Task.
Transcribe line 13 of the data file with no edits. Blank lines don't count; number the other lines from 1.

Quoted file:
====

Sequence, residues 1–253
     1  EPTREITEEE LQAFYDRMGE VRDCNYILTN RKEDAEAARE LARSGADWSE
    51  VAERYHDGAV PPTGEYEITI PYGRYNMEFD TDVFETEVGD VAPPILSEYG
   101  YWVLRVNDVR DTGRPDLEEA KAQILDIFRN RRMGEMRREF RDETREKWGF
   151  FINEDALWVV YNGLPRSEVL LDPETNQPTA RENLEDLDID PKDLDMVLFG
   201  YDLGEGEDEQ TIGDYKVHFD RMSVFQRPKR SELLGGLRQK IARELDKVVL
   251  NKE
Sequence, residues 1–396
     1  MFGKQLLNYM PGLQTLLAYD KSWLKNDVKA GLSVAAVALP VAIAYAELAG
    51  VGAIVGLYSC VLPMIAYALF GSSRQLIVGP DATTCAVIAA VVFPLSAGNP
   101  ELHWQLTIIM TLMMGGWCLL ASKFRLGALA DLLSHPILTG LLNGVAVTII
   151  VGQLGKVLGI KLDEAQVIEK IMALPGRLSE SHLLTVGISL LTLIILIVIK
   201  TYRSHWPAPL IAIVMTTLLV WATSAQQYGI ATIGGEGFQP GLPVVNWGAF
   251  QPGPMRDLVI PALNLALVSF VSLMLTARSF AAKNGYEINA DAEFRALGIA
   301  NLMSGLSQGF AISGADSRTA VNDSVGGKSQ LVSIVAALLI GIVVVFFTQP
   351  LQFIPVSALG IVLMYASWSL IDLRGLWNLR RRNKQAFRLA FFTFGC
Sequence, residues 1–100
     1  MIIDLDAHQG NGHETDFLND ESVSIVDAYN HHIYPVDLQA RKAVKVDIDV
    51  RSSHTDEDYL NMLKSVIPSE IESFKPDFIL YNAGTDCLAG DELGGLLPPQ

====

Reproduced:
   201  TYRSHWPAPL IAIVMTTLLV WATSAQQYGI ATIGGEGFQP GLPVVNWGAF